which I had to decline as my frozen stuff was in danger of becoming a
soggy mess in the bottom of my rucksack. At least the Oceanis 40 had gone and I could relax without fear of a bump in the
19/06/09 Helped Roger out yesterday by splicing anchor rope
for his secondary anchor. Shortly after returning to my boat, he
radioed me and said the windlass had been returned. I jumped in
the dinghy and motored back to the marina - remembering to switch on my
anchor light even though it was still broad daylight, and helped him to
refit it to the foredeck. Problems with both the generator and
main engine still continue and it may be a few days before we can sail
in company. A few drinks during the evening - and before we
realised, it was 3am! Motored back to my boat without incident.
Spent this morning pottering around with a few minor jobs onboard,
mainly stowing small items that hadn't previously got a home,
temperatures are high and the coolest place is the saloon at 37oC
- other than having a swim of course!
20/06/09 Similar to yesterday, gave Roger a hand with several
jobs that need to be completed before he can leave the marina, Çetin
Marine sorting out the main engine and generator problems.
had spent ages decorating a cake for me ('cos it's my birthday today!),
so we sat in the cockpit and ate that with a cup of coffee.
21/06/09 The longest day. Collected Joy from the
beach at Magic Life just after 8am, finished off some of my own jobs before weighing
anchor at 10.15 and motoring slowly across the bay while waiting for
Storm Dodger to leave the marina. Lo and behold.....the
wretched depth sounder has died again and reads 0 metres - bloody
useless Navico instruments! We then motored out of the
bay in company and set a course SW along the coast, motoring into a
moderate swell with winds increasing to just under 30 knts - on the nose
of course. At 16.15 we entered the bay at Serçe and picked up one
of the restaurant buoys, had a couple of drinks and ate ashore.
22/06/09 Slipped at 0715 and continued along the coast,
rounding Karaburun at 0900 and heading north toward Hisaronu Korfezi.
Hoisted all sail, but with very little wind and a flat calm sea, boat
speed only increased by 1 knot. Dropped anchor off Orhaniye at
1615. Stripped out the depth sounder computer module and
fitted my spare one - it now works again, but for how long this time?
23/06/09 My view from the cockpit
It's a terrible life......the things
we have to put up with!
Joy into Marti Marina in the rub-a-dub so that she could catch the
dolmuş home to Marmaris around 1pm, had a little kip in the cool (38oC)
of the saloon, then helped Storm Dodger to moor against the
wooden pontoon of Kadir Restaurant at the head of the bay before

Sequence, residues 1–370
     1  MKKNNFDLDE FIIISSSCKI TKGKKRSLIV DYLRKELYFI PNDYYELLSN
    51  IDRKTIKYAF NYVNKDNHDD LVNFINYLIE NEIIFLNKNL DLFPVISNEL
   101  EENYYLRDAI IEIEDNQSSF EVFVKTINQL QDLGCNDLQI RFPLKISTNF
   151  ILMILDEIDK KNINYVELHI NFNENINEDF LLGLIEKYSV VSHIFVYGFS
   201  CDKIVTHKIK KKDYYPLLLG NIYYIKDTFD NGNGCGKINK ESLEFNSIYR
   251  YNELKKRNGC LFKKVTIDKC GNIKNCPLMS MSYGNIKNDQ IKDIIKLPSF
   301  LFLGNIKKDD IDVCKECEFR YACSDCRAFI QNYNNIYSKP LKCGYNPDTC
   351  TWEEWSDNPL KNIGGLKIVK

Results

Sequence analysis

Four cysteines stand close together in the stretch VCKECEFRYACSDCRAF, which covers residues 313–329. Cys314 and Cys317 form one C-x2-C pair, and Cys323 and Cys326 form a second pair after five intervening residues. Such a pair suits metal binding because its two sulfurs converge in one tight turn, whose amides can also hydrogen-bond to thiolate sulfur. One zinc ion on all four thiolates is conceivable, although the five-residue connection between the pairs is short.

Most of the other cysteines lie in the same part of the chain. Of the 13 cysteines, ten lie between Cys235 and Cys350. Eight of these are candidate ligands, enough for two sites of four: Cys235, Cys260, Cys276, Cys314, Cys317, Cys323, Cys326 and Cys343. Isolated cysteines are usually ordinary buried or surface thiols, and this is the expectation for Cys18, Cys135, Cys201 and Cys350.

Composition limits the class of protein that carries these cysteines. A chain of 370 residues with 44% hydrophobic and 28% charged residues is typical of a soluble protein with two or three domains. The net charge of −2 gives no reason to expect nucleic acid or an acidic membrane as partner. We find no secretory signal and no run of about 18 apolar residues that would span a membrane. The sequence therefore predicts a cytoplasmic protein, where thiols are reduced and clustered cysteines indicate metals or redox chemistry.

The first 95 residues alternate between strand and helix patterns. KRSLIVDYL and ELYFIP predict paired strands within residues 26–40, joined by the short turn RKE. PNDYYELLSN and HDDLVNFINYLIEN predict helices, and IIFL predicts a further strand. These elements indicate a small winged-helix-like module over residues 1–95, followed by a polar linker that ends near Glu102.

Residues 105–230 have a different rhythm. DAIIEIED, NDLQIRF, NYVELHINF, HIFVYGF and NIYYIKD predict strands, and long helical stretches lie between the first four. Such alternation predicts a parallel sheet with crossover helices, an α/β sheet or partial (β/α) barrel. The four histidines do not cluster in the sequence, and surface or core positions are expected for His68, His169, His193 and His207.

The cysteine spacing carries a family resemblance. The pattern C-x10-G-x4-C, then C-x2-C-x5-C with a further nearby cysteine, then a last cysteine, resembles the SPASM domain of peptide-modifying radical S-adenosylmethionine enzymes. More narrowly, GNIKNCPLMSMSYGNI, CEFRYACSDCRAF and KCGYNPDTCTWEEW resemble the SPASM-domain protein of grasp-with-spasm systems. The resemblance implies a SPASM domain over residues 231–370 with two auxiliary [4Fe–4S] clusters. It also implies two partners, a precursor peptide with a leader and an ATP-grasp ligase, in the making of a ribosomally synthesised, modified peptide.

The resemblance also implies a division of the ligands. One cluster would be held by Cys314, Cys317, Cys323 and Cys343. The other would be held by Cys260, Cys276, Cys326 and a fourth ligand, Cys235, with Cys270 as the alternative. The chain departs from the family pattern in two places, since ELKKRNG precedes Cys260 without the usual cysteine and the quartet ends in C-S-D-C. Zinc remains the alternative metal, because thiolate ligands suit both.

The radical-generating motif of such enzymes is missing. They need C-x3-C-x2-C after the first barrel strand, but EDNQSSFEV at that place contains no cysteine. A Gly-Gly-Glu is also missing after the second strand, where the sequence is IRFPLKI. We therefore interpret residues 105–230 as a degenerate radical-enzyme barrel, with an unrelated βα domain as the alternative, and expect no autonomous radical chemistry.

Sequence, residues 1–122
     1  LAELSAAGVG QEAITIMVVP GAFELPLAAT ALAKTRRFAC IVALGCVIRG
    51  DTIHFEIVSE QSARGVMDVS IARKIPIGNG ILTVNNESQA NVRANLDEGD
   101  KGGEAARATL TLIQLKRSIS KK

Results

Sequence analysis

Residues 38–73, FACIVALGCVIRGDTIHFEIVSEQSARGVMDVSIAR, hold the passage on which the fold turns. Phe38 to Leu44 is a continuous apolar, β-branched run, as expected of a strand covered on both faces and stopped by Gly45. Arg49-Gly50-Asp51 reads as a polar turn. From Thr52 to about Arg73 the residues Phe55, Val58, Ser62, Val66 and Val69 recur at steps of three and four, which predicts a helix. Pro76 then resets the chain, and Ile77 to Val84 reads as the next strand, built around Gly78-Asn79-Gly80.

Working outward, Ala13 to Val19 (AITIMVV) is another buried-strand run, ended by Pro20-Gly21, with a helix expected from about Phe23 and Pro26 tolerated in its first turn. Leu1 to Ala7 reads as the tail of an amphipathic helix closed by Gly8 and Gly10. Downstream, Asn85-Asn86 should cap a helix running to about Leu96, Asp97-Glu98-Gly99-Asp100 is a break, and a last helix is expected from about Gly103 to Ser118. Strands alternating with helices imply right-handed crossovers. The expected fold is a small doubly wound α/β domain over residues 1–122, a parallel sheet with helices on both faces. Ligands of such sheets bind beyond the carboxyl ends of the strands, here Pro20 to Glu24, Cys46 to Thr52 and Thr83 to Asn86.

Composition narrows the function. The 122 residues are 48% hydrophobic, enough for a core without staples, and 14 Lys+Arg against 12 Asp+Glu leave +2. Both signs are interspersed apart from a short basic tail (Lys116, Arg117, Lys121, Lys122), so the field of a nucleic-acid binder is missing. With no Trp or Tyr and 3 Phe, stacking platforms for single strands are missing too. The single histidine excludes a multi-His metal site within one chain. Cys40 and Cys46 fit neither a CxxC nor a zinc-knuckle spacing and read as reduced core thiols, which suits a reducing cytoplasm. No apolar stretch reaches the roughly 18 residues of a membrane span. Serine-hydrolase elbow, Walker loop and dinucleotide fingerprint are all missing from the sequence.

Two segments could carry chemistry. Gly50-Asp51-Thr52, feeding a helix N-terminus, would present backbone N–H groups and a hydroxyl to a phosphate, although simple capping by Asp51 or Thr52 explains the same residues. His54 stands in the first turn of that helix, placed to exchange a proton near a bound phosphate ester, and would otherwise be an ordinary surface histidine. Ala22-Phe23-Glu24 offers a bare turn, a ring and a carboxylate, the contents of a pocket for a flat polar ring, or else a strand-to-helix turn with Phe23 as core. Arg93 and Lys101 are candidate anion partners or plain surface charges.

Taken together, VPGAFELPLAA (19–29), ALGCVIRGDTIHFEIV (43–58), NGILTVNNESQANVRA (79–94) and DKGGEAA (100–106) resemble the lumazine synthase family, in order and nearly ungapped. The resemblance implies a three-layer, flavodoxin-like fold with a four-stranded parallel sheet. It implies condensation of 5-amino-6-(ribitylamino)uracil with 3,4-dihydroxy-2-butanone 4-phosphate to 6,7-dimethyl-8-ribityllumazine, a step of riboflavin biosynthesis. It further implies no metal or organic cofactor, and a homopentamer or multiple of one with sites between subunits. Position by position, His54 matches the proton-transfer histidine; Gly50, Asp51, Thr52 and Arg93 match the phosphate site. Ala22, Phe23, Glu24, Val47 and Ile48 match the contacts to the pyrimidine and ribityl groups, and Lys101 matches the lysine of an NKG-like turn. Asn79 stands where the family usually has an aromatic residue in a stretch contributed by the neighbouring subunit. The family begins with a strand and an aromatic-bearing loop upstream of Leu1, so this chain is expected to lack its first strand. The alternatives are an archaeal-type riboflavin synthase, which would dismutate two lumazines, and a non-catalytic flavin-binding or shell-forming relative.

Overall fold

returning to Rhumb Do for dinner, shower and bed.
24/06/09 Astrid came out to Rhumb Do by RIB for a swim,
then helped me to weigh anchor and move the boat a half mile or so to
Kadir Restaurant, mooring alongside Storm Dodger - this is the
first time the two boats have actually been moored together. Had a
drink ashore with a few of the guys....it's like we've moved Yacht
Marine to Orhaniye....there's Luturna, Odin, Roam II, Esper, Divanty, Storm
Dodger and Rhumb Do!!
28/06/09 Slipped and motored out of the bay at mid-day -
Navico doing the normal 'pack up' routine on the way out.
On turning west, the wind was (as always in the Med), bang on the nose
and the sea quickly turned from reasonable, to a very short, steep
'chop', the bow burying itself into each wave and sluicing along the
side decks whilst spray came over the entire boat. Making headway was tedious and boring, and I contemplated
turning back on several occasions. I finally dropped anchor in the
south bay at Datca at quarter past six with Storm Dodger anchoring
about a 300 metres away. Oddly, the depth sounder started working
again when in water less than 10 metres deep but the speed log, which
goes through the same module, has ceased to function!
30/06/09 Following a day of rest yesterday, weighed anchor at
0615 and made our way east along the coast, in flat calm conditions, to
the headland at Knidos before turning due North and heading up between
Kos and the Turkish mainland. The wind, as expected, turned
westerly and both boats made a pleasant passage under genoa alone
toward Bitez, anchoring there at 1630. It's two years ago that I
was anchored in the same spot for several days. We all went ashore
for our evening meal - but my usual restaurant had changed - and the
normal bar had disappeared.